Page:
Charles Schwab’s Liz Ann Sonders — whose calls on the start and end of the “Great Recession” proved quite accurate — warns against hyperfocusing on Greece’s debt problems.
“Even the broader European focus has largely seemed to overshadow developments in the United States, which remains the world’s largest economy,” Sonders writes along with Brad Sorensen and Michelle Gibley in commentary on Schwab’s web site. She says that industrial and manufacturing data has been encouraging in the U.S. recently, and that third-quarter earnings reports have overall been solid. “After factoring in the latest results and guidance, valuations are attractive, especially relative to bonds,” she writes.
Sentiment is also giving a bullish sign, she says, noting that pessimism continues to reign, despite the market’s recent surge. And that bodes well for the rally’s sustainability, she says.
Sonders also indicates that economic issues may be making emerging markets a more attractive investment opportunity than Europe. The need to cut back on debt could lead to shorter business cycles and pressure on earnings and economic growth in the coming years in Europe, she says. Emerging markets, meanwhile, “tend to have lower debt levels. Additionally, generally younger demographics create a lighter burden on public finances and potential for more output. Meanwhile, expectations for emerging markets are low, with valuations at the lowest levels since 2009.”
In his latest article for Canada’s Globe and Mail, Validea CEO John Reese says that, while many of history’s greatest investors have been value-focused strategists, momentum can also be a critical part of successful approaches.
“In fact, looking for stocks with good price momentum can be a big boost to returns — particularly during certain market conditions,” Reese writes. “James O’Shaughnessy, one of the gurus upon whose writings I base my Guru Strategies, has researched how the market’s affection for momentum varies over time. … His firm’s research has shown that momentum-type strategies tend to fare well in the second years of bull markets, and that the third year of a bull — which we are now in the middle of — tends to be “much friendlier to trend-following and high-yield strategies than to value.”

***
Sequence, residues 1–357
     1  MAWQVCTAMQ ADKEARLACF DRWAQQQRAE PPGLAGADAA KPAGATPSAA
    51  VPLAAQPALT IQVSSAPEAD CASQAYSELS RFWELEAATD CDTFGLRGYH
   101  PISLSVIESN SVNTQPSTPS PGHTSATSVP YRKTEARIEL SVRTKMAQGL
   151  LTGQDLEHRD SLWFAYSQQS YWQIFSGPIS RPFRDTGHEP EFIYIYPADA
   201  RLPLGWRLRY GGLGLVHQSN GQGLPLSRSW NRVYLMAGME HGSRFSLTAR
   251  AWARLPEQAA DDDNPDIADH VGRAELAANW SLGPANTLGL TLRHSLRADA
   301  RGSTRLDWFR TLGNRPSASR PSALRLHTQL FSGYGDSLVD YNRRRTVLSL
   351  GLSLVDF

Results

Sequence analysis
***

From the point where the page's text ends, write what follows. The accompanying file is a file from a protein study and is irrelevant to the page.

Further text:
Reese says his Validea Canada Guru Strategies — each of which is based on the approach of a different investing great — have borne that out, with the three top-performing guru-based portfolios over the past year or so all including a relative strength criterion.
But Reese also offers a warning: “These and other successful momentum-focused strategies don’t look at relative strength in a vacuum; they use it as part of a broader approach that also examines fundamental and financial criteria. In doing so, they look for stocks that have the wind in their sails for a reason.”
Reese examines three picks with strong momentum that get interest from his guru-based models. Among them: Metro Inc., which gets strong interest from his O’Shaughnessy-inspired approach.
Kenneth Fisher says the fact that GDP growth nearly doubled in the U.S.’s third quarter is far from the only positive economic sign out there — even though the media continues to focus on the negative.
In a post on Forbes.com, Fisher points to a number of economic figures, including improving manufacturing numbers in the U.S.; strong recent retail sales figures; strong manufacturing numbers in Europe; and continued strong growth from China last quarter that indicates the country won’t have the “hard landing” many fear.
Fisher says that there are negatives, too. “But even in periods of the most robust global growth there will be weak spots,” he says. “That so many positive factors exist is bullish. That they are so little talked about is even more bullish. That gap between too-dour sentiment and better-than-realized reality is a powerful positive factor for stocks through yearend and well into 2012.”
Hedge fund guru Barton Biggs, who had been reducing equity exposure late in the summer months, has recently reversed course and has continued to up his exposure since the announcement of the new plan to stem Europe’s debt crisis.
“This morning, all of the wise men of Europe and the economists are very negative about this European deal that was worked out last week,” Biggs tells Bloomberg. “The general feeling is that the right thing to do is to cut back on risk and that it is going to be a flop, and that all they did was kick the can not very far down the road again. I am inclined to feel differently.” He says that there is “a tremendous amount of money that’s trapped out of stocks”, and that the rally is “going to continue for a while.”
Biggs had reduced his net exposure to equities to about 20% in September. But by mid-October, it was up to 65%, and now it is at 80%, Bloomberg reports. He’s particularly high on certain tech sector and industrial sector picks.
In a rare joint interview, PIMCO’s Mohamed El-Erian and Bill Gross say that the US will continue to experience slow growth because of structural problems with the economy, and that the public sector must step in and spend money in areas in which the private sector isn’t willing to do so. Gross tells WealthTrack’s Consuelo Mack that he sees growth of 0% to 1% for the U.S. in the next 6 to 12 months, which means good investment opportunities will be few and far between. El-Erian, meanwhile, offers his take on the European debt crisis, and why Europe must have its “moment of truth” about the nature of its union.